Com (Steamed Rice)
In a clear autumn morning, when the Northeast wind lightly blows; green-rice from Vong village (a famous village in Hanoi) travels with young country girls to the corners of the city. Green rice is said to be the quintessence of the earth and sky, the milk of rice paddies in buds. Vong villagers now pick and choose the right kinds of rice to make green-rice. Traditionally, green-rice is an offering indispensable on engagement day of the couple, from the bridegroom’s family to the bride’s family.

Xoi (Glutinuos Rice)
Rice is categorized in two: normal rice and sticky rice. The second is indispensable in people’s daily life as well as on holidays. Sticky rice is plentiful in types: banana flavor, coconut-leaf, sesame and coconut, sausage, back-peas, green-peas, maize and mixed sticky rice...are just a few in 3 parts to name. “Nep than”, “Nep cai hoa vang” are best flavors to make rice and wine.

What a wonder it’s on a winter day! Dressed in warm clothes, we drop in a little shop at night and have a bowl of white sticky rice consumed with pork or eggs. On New Year’s days or holidays, sticky rice is what must be on the family altar.

Ca Ca La Vong (La Vong Grilled Fish)
The inventor of this fish-pie came from Doan family on Hang Son Street, Hanoi. In 19th century, Hanoi people normally baked pork, but he baked fish-unstinking fish to make fish-pie. Hanoi people then soon got infatuate it and his eating-house turned prosperous. Henceforth, the name of the street was changed into Cha Ca (fish-pie) from its former name Hang Son (Paint Street) due to success of his eatery.

To Hanoi people, the taste of Cha Ca remains as it was. To have tasty pie, shopkeepers have to select good fish with solid fresh, less bones and good scent. Processed fish is mixed in fish sauce, pepper, galingale, saffron and rice-ferment. Then put on a fire-tongs and grilled right on the eaters' table. Eaters, while eating, have to fan the fire, turn upside down to make both sides baked. Then they put the fish into a bowl of boiling fat and consumed with rice vermicelli, groundnuts, spices, dried rice-cake, sliced onion leaves, some drops of lemon juice and a little coleopteran.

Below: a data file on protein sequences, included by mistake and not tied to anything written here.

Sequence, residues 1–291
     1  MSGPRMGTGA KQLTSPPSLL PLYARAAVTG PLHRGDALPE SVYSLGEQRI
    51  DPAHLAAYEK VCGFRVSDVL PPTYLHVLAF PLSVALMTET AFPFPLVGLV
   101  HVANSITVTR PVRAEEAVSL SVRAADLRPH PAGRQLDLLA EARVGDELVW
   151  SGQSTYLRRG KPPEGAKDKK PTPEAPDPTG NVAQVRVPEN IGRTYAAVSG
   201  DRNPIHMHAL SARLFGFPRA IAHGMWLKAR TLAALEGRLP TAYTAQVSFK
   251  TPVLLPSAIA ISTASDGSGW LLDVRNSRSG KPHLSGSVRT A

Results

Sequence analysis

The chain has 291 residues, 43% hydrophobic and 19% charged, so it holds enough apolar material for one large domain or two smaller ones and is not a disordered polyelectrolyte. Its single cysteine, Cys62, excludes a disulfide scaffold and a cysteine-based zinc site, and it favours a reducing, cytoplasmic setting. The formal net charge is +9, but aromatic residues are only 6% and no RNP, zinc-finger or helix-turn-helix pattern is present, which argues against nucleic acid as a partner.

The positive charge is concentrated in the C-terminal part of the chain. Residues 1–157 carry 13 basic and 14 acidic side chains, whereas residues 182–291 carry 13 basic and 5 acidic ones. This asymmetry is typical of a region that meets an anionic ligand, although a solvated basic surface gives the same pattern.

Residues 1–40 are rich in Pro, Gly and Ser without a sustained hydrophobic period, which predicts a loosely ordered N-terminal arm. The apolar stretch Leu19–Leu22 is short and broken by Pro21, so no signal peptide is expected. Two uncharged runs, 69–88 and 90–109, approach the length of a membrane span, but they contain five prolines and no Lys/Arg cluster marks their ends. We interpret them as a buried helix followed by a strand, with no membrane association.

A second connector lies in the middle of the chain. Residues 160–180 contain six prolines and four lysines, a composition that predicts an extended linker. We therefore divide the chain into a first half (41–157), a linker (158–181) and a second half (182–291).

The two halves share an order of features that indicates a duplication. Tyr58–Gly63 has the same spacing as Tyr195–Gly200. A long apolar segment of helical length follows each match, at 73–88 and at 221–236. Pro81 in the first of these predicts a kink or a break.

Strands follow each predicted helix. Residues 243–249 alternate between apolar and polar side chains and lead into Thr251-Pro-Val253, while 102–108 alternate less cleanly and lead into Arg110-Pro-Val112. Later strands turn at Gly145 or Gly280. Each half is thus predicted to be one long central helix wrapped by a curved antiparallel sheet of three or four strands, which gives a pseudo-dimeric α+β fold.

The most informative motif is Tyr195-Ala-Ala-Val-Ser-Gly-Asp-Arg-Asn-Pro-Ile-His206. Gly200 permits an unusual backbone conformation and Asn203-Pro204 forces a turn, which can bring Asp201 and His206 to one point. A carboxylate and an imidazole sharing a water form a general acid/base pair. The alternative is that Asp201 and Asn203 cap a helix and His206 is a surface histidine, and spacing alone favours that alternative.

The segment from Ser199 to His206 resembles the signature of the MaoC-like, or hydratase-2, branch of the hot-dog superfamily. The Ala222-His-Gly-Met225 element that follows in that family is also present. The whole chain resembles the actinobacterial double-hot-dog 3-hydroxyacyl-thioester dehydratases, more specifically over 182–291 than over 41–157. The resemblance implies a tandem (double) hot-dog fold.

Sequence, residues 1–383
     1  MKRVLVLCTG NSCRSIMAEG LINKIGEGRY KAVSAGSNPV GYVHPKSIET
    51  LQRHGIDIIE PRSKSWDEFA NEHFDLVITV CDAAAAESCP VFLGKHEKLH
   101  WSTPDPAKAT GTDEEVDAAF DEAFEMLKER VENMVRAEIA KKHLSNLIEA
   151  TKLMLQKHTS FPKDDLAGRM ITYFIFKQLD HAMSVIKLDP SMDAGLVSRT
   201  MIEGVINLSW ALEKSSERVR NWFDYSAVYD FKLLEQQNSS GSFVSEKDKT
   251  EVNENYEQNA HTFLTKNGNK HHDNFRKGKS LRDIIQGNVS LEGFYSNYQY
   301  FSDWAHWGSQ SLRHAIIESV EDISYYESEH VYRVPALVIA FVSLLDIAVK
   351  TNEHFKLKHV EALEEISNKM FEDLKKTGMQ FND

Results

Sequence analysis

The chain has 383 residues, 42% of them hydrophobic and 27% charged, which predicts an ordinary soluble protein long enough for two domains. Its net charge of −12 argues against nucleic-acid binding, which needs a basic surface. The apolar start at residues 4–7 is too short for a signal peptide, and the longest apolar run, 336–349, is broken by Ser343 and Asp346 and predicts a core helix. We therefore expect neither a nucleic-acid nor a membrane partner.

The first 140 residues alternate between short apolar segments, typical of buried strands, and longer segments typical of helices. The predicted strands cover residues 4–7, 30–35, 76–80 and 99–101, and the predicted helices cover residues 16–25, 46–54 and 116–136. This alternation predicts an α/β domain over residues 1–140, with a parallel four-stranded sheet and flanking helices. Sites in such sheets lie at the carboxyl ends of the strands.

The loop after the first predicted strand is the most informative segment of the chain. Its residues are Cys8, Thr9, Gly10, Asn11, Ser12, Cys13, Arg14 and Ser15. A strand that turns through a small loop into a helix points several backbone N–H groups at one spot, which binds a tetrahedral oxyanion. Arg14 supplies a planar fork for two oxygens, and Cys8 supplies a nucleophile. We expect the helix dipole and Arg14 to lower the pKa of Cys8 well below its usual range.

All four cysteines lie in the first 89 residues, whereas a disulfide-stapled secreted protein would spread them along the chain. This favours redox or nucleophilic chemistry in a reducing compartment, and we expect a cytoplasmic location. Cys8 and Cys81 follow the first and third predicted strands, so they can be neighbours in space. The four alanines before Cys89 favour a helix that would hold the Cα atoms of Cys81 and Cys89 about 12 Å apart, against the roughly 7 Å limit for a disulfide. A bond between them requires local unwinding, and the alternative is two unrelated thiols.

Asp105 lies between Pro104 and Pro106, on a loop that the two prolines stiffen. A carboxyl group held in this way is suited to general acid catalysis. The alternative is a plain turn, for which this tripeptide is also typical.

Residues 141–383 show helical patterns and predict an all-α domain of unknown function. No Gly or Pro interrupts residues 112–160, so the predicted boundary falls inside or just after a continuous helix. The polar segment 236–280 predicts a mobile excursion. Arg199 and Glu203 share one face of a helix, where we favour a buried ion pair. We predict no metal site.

Hanoi people try fish-pie only in Autumn, when the cold wind is blowing outside, spices are in season and a group of friends slowly drink and enjoy the food in a small restaurant on Cha Ca street, what a wonder it's!

Bun Bo Hue (Hue Vermichelli with
Beef )
All over Vietnam, you can find and enjoy beef-vermicelli and it seems tastes from all parts in the country meet and make up special flavor of Hue vermicelli. Hue people enjoy beef-vermicelli in their own way and the food here is a combined art of something fashionable, something very popular. Hue connoisseurs rarely enjoy the food in well-decorated restaurants, and an eating place frequented by tourists is opposite to city post-office on Ly Thuong Kiet Street. Beef-vermicelli is consumed here day and night, the broth-pot is kept boiling but this is not the most visited one because Hue city folks only have beef-vermicelli in the morning and they have their own choice.

Cake in the Central Part
Central part, a sunny and rainy area is a bridge that links North and South and rich in wet-rice, maize, sweet potato, corn and manioc. These agriculture crops have enriched their life and the people in the central part have created kinds of cakes made of skillfully prepared would be a shoe in people hard-working life and aptitude in food invention.

There are hundreds kinds of cakes: dumpling, boiled dumpling, coconut-cake, rice-wafer, rice-pie, corn-cake, steamed cake, pan cake, white rice cake…are just few to name. Separate cakes are made of certain ingredients. Each cake needs certain skills to prepare, for people in the central part, especially in Hue, cake are synonymou...